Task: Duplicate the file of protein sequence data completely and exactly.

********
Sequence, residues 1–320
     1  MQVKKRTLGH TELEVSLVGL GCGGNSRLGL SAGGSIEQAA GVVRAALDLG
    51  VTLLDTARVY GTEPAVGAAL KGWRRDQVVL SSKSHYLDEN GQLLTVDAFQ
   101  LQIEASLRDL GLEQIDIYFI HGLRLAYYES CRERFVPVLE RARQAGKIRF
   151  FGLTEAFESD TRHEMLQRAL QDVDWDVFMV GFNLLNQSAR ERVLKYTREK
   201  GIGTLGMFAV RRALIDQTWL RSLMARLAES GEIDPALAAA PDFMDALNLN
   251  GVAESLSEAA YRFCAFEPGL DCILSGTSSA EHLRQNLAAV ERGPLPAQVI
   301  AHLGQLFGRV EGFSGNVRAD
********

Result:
Sequence, residues 1–320
     1  MQVKKRTLGH TELEVSLVGL GCGGNSRLGL SAGGSIEQAA GVVRAALDLG
    51  VTLLDTARVY GTEPAVGAAL KGWRRDQVVL SSKSHYLDEN GQLLTVDAFQ
   101  LQIEASLRDL GLEQIDIYFI HGLRLAYYES CRERFVPVLE RARQAGKIRF
   151  FGLTEAFESD TRHEMLQRAL QDVDWDVFMV GFNLLNQSAR ERVLKYTREK
   201  GIGTLGMFAV RRALIDQTWL RSLMARLAES GEIDPALAAA PDFMDALNLN
   251  GVAESLSEAA YRFCAFEPGL DCILSGTSSA EHLRQNLAAV ERGPLPAQVI
   301  AHLGQLFGRV EGFSGNVRAD